This special issue on Anna Mendelssohn/Grace Lake, edited by Eleanor Careless and Vicky Sparrow, is based on the proceedings of the Anna Mendelssohn Symposium, held at the University of Sussex in February 2017. The symposium took as its epigraph one of Mendelssohn’s titles: ‘Poetry does not deserve evil keepers’.
This special collection is based on the proceedings of the symposium ‘Peter Larkin: Poetry, Phenomenology, and Ecology’ which took place at the University of Warwick on 26th of April 2017. It was guest edited by Professor Emma Mason of the University of Warwick. A report detailing the symposium by Gabriel James de Sousa was published in Volume 11, Issue 1, 2019.
Each of the essays in this special issue tackles one or more of the questions that concern the interconnectedness of discourse about race and poetry in the UK and present new ways of thinking, each a unique vector intended to redress the rigid accepted boundaries of innovative poetry in the UK and within its wider largely Anglophone context.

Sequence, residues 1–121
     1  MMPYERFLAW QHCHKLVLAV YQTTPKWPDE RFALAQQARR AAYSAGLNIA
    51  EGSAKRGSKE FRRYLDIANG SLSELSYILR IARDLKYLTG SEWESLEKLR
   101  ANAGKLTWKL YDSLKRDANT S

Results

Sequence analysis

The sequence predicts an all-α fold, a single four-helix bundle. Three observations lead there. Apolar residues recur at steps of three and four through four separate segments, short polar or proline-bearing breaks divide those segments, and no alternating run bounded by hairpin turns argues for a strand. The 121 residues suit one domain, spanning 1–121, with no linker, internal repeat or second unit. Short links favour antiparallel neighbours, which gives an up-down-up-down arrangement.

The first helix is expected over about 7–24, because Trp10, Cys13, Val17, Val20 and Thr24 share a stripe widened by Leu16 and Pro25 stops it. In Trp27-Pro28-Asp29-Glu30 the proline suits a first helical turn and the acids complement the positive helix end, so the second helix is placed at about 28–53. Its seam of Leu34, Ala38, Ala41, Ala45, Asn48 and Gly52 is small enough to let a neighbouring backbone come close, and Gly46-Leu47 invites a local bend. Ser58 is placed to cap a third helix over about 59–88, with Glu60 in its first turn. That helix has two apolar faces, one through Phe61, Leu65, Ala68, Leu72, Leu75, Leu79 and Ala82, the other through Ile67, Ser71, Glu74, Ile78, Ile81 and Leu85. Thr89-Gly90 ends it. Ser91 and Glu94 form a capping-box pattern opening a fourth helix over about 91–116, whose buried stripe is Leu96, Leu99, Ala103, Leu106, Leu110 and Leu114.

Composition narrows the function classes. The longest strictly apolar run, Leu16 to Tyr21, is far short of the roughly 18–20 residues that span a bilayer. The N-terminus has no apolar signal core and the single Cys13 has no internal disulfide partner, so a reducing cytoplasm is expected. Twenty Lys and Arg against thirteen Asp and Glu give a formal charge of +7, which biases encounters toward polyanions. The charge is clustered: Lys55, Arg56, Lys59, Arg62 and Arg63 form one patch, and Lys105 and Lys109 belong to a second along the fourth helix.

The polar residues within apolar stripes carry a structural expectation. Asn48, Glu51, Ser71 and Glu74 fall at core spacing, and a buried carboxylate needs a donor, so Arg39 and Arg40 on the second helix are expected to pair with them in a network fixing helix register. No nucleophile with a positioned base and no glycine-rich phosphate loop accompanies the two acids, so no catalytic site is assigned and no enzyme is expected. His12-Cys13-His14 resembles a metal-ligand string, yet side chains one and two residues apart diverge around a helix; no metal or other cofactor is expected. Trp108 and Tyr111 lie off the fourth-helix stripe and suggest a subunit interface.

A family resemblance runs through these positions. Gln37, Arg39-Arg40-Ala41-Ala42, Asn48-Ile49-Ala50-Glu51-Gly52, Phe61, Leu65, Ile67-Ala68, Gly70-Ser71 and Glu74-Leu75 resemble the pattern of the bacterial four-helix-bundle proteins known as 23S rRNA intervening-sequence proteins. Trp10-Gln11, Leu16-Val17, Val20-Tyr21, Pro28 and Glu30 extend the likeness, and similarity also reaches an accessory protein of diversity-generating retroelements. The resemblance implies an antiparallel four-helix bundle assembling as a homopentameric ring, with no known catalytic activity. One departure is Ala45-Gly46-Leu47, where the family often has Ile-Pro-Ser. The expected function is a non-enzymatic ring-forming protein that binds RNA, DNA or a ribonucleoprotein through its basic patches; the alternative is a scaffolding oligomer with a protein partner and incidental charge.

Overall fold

Thomas A. Clark is a poet and visual artist born in Greenock, Scotland, in 1944, and currently living in Pittenweem, Fife. With his wife and collaborator, illustrator Laurie Clark, he is the co-founder of Cairn Gallery (1976), amongst the first artist-run gallery spaces in Britain. They also co-founded Moschatel Press (1973), a small-print press run from their home in Nailsworth, Gloucestershire, and later from Pittenweem. In 2016, a symposium was held at the Scottish Poetry Library in Edinburgh to dedicate a day to new research on Clark.
Peter Manson (1969-) is a poet and translator of poetry from Glasgow. With Robin Purves, Manson co-edited the poetry magazine, Object Permanence, from Glasgow, between 1994 and 1997, establishing vital transatlantic links between experimental poets from the UK and Ireland and the US. In October 2017, a symposium dedicated to Manson’s poetry and translations was held at the University of Glasgow, including an evening of celebratory readings and music, and a poetry reading by Manson.
This special issue on the theme of secrecy was edited by Jo Lindsay Walton and Ed Luker. The contributors all previously presented at the Secret Poetry Symposium, held at Northumbria University in Newcastle in April 2016, an event that was also reported on in this journal.
The five essays collected here began life as papers delivered to ‘New Papers in Contemporary British Poetry’, a conference we organised at the University of Dundee in March 2015. The explicit aim of that conference was to showcase new critical work on poets now living and working in Britain and to provide a platform for doctoral and early-career researchers in the field to disseminate their research.